Oxford University Press, May 2020.
As much as China's crash has been predicted, someone needed to explain why it hasn't happened. And no one could be more credible in doing so than Tom Orlik who has reported insightfully on China since 2011, first with the Wall Street Journal, then with Bloomberg where he is now Chief Economist.
Warnings of trouble have been sounding ever since the 4 trillion yuan (15% of GDP) stimulus that propelled China out of the Great Financial Crisis. The stimulus was financed mainly by debt of local governments and state-owned enterprises. Debt continued to pile on until the ratio to GDP reached 250% in 2016, a level far out of line with other countries of China's per capita income level. Moreover, the debt took on increasingly risky forms as the financial sector was liberalized and shadow banking proliferated. This shadow banking involved intermediaries lending to enterprises, then securitizing the loans and selling the assets to banks which in turn packaged them into wealth management products for retail depositors. The system suffered from opacity and the moral hazard that comes from belief in government bailing out any losses. The lending boom fueled investment in wasteful infrastructure projects, industrial overcapacity, and vast tracts of empty real estate development.
Signs of fragility emerged in 2015. A soaring stock market prompted concerned regulators to threaten caps on margin buying. Panic ensued, with the market losing a third of its value in three weeks at which point trading was halted. Also telling, capital flight brought downward pressure on the yuan that the central bank arrested only by giving up half a trillion dollars in foreign reserves. Yet throughout, somehow the real economy remained unshaken.
Policymakers nevertheless heeded the warnings and took action on multiple fronts. First, they rolled out a program of "supply side reforms" to cut overcapacity in industry through mergers and shutdowns. Second, to animate the ghost towns thrown up by overzealous developers, old neighborhoods were razed and their occupants provided with escrow accounts to purchase new units. Mortgage loans and urban residence permits were rolled into the deal. The fiscal outlays were recouped as property developers took on new projects and the tax base was expanded. Third, to address fragility in the financial sector, asset management companies were established at province level to buy up bad loans from banks at a discount. Fourth, overextended local government financing vehicles were granted debt swaps that transformed short term loans at high interest rates into long term loans at low interest rates. Finally, banks were subjected to regulatory oversight with good behavior rewarded and bad behavior penalized by way of differential interest rates paid on reserves and various business activities permitted or prohibited. Overall, the program succeeded in stabilizing the debt to GDP ratio through 2017 and 2018 and substantially lowering systemic risk.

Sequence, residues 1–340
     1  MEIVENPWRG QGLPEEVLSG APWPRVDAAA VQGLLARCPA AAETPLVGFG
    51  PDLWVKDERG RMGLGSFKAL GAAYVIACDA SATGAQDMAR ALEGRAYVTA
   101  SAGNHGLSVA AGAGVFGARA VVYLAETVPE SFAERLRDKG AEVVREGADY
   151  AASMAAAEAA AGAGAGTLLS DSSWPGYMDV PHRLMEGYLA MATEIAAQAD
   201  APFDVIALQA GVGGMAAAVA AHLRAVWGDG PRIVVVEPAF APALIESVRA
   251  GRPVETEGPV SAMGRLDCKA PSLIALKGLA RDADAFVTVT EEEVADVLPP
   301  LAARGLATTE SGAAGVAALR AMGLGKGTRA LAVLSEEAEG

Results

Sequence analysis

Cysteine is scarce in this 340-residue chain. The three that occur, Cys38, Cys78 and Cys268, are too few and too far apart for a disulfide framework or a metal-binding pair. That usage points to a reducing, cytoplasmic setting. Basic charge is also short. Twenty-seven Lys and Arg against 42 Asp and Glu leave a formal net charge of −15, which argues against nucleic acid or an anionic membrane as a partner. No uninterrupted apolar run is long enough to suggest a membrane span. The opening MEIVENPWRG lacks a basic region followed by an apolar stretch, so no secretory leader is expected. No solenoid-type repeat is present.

How was China able to achieve such a feat in defiance of widespread forecasts of doom? Orlik attributes it to "a combination of the underlying resilience of the economy and financial system, the underappreciated ingenuity of policymakers, and the unusual resources of an authoritarian state." (p. 118) Resilience of the economy arises in no small part from how far China remains from the development frontier in combination with the steadfast will of the country's developmental state to reach that frontier. Resilience of the financial system rests on high savings deposits that provide a stable source of funding for banks. The ingenuity of policymakers and the capacity of the leadership to wield power are on display in all aspects of the course change engineered to rein in debt and reduce financial risk. Where but China could slums be razed across a nationwide urban landscape with residents relocated to whole new cities? It does take a special kind of vision and authority.
Much has happened in the world since the book went to press. But in a recent interview on Sinica Podcast, Orlik stuck by his position that no crisis is imminent. Indeed, if China had been teetering on the brink of crisis, the economic downturn wrought by the pandemic should have provided the tipping point, and there is yet no inkling of any sweeping default on debt or loss of confidence in the financial system about to transpire. On the contrary, because China went into the pandemic on a relatively strong financial footing, the government has space to engage in stimulus.
I have one quibble with the book. Orlik sees the root problem of China's saving/consumption imbalance and resulting need for constant demand stimulus – it's "original sin" as he puts it in the Sinica podcast (39:18) – as lying with the one-child policy. The argument is that the one-child policy, along with an inadequate social welfare system, has motivated high precautionary saving to ensure sustenance in old age. The empirical evidence does not support this argument, however, either for China in time series, since the one-child policy was introduced in 1980 and the saving rate only shot up in the 2000-aughts, or across countries, since all countries that experienced a rapid growth take-off showed a steep rise in their saving rates and none but China had a one-child policy. Articulation of an alternative explanation for China's unbalanced growth must await another blog post. In any case, this is only a quibble because the original insights of Orlik's book on how China averted a meltdown hold up regardless of the explanation invoked for underlying imbalances. Others, too, have gotten this explanation wrong. That quibble aside, the book provides compelling answers to important questions.
Follow-up post: "The Real Reason for China's Unbalanced Growth"